The imaging method could help scientists spot abnormal motion
Stanford University and University of Auckland
With every heartbeat, fluid squishes through the brain and jiggles it like a bowl full of jelly.
A new twist on magnetic resonance imaging illuminates these pulsing brain ripples, movements so subtle that they had escaped detection by current imaging technology. Abnormal brain motion could signal trouble, such as aneurysms or damage from a concussion.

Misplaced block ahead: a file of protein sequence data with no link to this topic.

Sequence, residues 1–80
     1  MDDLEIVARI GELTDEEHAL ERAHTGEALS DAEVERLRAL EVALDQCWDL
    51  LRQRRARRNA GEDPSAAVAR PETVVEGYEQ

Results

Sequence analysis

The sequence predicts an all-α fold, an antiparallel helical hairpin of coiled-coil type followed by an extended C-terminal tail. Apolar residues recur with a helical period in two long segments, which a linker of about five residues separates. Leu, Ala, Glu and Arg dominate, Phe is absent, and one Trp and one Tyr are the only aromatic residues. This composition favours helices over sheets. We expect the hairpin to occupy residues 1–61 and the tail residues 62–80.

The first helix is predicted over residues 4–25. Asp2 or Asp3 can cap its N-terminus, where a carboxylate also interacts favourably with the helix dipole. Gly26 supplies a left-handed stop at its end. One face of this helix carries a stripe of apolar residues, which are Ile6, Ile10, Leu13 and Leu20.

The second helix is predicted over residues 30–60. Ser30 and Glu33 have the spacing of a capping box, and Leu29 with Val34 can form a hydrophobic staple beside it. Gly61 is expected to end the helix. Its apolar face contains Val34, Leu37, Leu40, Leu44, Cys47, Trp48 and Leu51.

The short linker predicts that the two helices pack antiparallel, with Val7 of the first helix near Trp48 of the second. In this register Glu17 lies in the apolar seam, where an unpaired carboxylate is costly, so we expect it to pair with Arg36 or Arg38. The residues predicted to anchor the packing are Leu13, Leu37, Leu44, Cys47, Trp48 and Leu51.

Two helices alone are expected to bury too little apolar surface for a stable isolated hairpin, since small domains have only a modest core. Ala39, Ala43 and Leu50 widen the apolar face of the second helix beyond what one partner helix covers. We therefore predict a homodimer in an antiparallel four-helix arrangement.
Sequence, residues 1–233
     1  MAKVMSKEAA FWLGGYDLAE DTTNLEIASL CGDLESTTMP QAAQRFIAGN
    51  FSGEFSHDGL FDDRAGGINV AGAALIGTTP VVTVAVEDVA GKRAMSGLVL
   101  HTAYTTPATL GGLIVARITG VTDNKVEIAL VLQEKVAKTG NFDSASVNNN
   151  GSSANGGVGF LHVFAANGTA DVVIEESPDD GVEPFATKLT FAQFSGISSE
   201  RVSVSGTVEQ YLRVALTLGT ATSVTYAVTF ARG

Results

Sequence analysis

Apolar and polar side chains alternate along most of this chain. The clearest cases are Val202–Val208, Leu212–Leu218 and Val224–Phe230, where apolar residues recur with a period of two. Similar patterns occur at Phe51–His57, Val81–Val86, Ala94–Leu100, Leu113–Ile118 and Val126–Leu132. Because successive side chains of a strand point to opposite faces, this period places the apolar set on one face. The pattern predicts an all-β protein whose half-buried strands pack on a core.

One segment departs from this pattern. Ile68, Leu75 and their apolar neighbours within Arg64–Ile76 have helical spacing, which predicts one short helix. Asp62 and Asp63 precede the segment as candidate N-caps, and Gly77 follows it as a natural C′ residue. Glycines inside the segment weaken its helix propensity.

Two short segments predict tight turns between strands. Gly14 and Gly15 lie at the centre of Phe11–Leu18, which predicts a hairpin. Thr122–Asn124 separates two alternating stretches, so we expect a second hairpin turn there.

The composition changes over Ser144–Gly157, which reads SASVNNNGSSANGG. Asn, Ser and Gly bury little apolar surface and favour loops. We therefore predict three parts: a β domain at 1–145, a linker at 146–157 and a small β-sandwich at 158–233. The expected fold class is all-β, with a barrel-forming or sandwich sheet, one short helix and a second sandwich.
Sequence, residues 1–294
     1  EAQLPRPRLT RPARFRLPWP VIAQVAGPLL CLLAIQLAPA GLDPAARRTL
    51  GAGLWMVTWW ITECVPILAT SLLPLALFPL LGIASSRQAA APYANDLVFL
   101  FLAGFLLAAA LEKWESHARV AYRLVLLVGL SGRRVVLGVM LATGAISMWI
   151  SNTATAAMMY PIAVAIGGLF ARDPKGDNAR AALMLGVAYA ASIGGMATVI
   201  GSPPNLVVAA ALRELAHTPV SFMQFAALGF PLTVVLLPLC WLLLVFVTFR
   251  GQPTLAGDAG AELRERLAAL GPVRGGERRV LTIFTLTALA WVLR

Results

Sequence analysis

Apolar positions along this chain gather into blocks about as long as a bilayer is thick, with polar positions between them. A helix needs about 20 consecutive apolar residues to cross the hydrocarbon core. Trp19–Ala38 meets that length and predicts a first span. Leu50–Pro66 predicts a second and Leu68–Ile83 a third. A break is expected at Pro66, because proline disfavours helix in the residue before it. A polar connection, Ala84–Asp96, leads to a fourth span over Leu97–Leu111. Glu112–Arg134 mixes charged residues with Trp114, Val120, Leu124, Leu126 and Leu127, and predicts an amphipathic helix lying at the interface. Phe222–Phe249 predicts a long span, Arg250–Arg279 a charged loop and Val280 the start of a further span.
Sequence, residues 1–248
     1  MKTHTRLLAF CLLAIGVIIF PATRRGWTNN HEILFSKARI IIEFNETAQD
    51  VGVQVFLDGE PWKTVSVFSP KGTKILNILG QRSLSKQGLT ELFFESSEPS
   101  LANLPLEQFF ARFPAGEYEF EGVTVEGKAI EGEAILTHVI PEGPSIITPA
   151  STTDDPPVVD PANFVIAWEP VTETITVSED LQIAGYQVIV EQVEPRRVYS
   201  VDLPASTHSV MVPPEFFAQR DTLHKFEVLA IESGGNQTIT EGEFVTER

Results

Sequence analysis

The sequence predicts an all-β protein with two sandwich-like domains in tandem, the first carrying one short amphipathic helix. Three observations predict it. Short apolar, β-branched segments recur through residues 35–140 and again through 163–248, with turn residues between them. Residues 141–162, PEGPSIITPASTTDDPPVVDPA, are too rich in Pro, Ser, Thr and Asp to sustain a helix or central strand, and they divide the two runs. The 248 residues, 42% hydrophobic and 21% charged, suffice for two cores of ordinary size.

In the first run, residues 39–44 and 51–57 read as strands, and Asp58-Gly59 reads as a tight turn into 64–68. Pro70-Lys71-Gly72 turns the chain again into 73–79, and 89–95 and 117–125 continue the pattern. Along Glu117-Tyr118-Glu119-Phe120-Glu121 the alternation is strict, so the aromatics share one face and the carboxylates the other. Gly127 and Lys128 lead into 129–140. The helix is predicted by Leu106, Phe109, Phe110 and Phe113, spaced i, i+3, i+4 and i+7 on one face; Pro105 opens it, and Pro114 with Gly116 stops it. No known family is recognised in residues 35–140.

In the new work, scientists honed an existing method called amplified MRI, a technique that stitches together multiple images taken at precise times of the heartbeat. Using an algorithm that exaggerates tiny movements, researchers at Stanford University, Stevens Institute of Technology in Hoboken, N.J., and the University of Auckland in New Zealand created a movie of the brain’s rhythmic writhing as blood and cerebrospinal fluid pump in and drain out.